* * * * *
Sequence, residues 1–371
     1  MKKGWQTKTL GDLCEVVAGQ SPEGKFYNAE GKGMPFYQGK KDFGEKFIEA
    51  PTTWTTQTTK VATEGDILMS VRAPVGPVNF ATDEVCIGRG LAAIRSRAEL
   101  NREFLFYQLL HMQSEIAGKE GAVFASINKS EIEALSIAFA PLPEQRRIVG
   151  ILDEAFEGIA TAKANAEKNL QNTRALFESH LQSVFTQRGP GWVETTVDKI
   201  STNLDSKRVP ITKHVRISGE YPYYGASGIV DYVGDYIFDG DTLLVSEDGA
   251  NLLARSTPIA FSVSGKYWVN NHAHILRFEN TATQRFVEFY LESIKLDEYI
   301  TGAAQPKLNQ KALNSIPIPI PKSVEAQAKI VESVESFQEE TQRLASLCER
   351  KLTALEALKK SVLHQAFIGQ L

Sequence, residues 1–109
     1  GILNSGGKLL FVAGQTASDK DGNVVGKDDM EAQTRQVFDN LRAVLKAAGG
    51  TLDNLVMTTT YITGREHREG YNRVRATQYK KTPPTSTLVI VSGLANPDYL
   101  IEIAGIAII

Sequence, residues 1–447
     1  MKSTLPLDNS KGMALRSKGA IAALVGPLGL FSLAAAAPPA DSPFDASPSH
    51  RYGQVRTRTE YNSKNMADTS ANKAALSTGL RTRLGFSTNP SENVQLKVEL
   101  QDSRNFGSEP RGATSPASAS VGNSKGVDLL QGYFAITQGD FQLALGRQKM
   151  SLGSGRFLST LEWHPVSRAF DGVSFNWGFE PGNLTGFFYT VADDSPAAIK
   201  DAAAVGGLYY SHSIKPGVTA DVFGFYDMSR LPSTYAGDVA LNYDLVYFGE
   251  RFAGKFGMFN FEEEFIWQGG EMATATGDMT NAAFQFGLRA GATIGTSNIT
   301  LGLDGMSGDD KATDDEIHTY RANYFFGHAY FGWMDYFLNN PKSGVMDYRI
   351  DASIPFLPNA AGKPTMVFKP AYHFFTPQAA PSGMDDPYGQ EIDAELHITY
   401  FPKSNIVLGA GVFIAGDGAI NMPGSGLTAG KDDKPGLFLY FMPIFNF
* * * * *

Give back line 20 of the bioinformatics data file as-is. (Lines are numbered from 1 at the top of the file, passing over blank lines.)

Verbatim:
   251  RFAGKFGMFN FEEEFIWQGG EMATATGDMT NAAFQFGLRA GATIGTSNIT